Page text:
... flayed alive or impaled merely by way of instituting a change; and I think that some graphic British historian should at once give us a good life of this remarkable and royal man. The massacre of the revolted peasants would afford a fine opening to a stern rhetorician; he might lead off thus—"Dost thou think that this king cared for noble sentiment? Thou poor creature who canst not look on a man without turning green with feminine terror, this writer begs to inform you and all creatures of your sort that law is law and discipline is discipline, and the divine ...
— The Ethics of Drink and Other Social Questions - Joints In Our Social Armour • James Runciman

... the haze of a broken sleep they wrought out again the sorrows of their troubled record. When the morning broke through the dull gray of the eastern sky rim, he would be a heartless surgeon of emotions who attempted to probe the pathos of their thoughts, and a dull and vulgar rhetorician who should attempt to parse the ...
— The Vanishing Race • Dr. Joseph Kossuth Dixon

... as it seems to us, the functions of the Master of the Offices, came the "Illustrious" Quaestor, the head-rhetorician of the State, the official whose business it was to put the thoughts of the sovereign into fitting and eloquent words, either when he was replying to the ambassadors of foreign powers, or when he was issuing laws and proclamations to his own subjects. As his duties and qualifications were ...
— Theodoric the Goth - Barbarian Champion of Civilisation • Thomas Hodgkin

... American writers. On subjects like that treated in the volume before us, his whole heart and mind seem to be poured into his pages; and in their perusal we doubt whether most to admire the divine or the rhetorician. ...
— Graham's Magazine, Vol. XXXII No. 4, April 1848 • Various

... appointments confidently spoken of in the best-informed circles, we learn that Lord Vargrave is to have the place of ———. It will be a popular appointment. Lord Vargrave is not a holiday orator, a mere declamatory rhetorician—but a man of clear business-like views, and was highly thought of in the House of Commons. He has also the art of attaching his friends, and his frank, manly character cannot fail to have its due effect with the English public. In another column of our ...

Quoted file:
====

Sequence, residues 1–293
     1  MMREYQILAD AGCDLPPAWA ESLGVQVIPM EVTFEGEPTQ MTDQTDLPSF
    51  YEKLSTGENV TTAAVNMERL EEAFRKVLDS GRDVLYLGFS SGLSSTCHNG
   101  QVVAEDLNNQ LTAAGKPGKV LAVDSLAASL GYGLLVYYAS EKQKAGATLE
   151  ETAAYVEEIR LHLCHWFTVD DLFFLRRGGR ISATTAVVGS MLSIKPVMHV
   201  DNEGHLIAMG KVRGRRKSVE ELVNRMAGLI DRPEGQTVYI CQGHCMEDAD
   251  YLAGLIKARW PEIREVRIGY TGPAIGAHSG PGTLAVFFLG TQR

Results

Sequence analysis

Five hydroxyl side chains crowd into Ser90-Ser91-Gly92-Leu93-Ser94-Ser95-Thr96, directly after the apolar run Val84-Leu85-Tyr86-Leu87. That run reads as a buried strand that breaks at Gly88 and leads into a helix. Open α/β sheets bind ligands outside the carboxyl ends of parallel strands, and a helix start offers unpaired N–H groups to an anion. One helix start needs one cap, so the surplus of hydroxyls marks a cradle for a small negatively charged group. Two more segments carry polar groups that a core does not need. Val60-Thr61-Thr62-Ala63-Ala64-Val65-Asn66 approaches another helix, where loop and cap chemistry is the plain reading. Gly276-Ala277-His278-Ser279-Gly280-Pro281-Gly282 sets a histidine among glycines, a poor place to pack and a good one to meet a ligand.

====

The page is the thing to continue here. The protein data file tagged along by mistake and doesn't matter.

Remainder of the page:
— Ernest Maltravers, Complete • Edward Bulwer-Lytton

... flayed with his pen; Plautus, who composed the best comedies of antiquity while turning a mill-wheel; Seneca the philosopher, of whom it is said that the noblest act of his life was his death; Quintilian the rhetorician; the immoral Sallust, who speaks so eloquently of virtue; the two Plinys; Suetonius and Varro—in a word, all the Latin letters from the time when they stammered their first word with Livius Andronicus until they exhaled their last ...
— Dona Perfecta • B. Perez Galdos

... Repetundarum (sc. pecuniarum), post-Aug. for de repetundis (pecuniis), used i. of money extorted by an official and to be returned, ii. of money extorted as a bribe. Caesar lost his case, but succeeded in showing that Sulla's senatorial judges were corrupt. 4. Apollonio Moloni, the famous rhetorician, whose pupil Cicero was both at Rome and at Rhodes. Very possibly Caesar took this step by the advice of Cicero. 7. circa Pharmacussam insulam: S.W. of Miletus ( mod. Farmako). 8-9. non sine summa indignatione: Plutarch, Caes. gives a picturesque account of ...